The description and summary of the patent haven’t changed from earlier versions – it is the claims that have been changing in newer versions. Claims are the things that prosecutors from the patent office focus upon to decide whether or not they will grant or deny a patent that has been filed. These are continuation patents because they take on the “file date” of the very first version, December 31. 2003. If they are granted it is because of the updated claims in them, and what those cover.
Looking at how those claims have changed over versions of Universal Search patents to reflect how the process behind Universal Search at Google has changed is interesting. I’m seeing two main differences over the years. The latest is how many results from different categories of results might be shown. The second is that the categories that were listed in the first version of Universal Search were removed and are no longer itemized like they were at first.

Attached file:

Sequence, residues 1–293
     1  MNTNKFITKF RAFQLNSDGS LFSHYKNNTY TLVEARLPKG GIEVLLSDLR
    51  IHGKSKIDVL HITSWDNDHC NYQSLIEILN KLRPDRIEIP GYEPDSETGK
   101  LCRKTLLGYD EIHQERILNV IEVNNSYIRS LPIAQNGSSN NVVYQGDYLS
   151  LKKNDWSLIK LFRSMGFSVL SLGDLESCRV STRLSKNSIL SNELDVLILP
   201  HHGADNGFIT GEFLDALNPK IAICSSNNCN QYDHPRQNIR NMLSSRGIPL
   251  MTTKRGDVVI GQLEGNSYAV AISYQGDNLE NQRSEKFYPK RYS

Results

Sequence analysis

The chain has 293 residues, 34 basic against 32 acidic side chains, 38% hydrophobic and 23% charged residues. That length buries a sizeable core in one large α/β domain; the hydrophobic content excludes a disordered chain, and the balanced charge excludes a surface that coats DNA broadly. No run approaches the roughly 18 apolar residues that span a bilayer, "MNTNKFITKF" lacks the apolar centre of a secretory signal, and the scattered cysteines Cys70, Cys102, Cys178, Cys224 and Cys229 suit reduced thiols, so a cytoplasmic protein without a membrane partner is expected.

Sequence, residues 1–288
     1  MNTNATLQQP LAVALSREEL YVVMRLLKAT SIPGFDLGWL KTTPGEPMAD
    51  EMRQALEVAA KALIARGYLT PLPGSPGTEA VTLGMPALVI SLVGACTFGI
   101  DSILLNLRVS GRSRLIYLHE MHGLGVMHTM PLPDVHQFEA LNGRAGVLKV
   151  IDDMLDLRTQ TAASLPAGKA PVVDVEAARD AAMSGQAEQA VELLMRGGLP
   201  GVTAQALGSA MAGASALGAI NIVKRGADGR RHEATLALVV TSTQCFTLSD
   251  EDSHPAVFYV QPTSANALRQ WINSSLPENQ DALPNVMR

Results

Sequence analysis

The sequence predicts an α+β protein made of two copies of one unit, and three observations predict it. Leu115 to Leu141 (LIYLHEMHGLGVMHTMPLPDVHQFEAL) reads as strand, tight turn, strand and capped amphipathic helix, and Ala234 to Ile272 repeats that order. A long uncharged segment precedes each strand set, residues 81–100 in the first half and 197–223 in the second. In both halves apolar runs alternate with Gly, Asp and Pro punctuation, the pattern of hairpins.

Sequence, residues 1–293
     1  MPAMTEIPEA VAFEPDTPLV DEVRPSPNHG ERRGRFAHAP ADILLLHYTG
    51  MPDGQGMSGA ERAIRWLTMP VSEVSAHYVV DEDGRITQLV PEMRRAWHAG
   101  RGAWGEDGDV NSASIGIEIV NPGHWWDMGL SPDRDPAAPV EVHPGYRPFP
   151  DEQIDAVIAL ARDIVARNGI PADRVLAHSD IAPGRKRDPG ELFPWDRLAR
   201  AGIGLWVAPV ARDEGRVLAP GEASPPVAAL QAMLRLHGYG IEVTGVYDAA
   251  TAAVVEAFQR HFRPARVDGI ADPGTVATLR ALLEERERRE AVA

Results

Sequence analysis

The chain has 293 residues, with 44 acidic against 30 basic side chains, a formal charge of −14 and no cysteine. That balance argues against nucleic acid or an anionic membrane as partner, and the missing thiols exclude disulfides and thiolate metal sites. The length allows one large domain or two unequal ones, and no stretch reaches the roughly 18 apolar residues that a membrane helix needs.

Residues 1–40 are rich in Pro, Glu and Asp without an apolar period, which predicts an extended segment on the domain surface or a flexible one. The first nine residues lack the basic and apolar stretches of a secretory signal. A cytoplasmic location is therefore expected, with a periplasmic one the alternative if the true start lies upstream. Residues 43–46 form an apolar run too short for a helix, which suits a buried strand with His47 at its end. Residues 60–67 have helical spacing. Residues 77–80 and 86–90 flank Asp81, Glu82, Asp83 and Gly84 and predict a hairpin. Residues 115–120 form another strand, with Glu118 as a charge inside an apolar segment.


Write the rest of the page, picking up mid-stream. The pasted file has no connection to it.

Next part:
The New Universal Search Results Claim
The new change here, in the first claim listed, is that the most relevant and first listed category has more results shown from it than less relevant categories.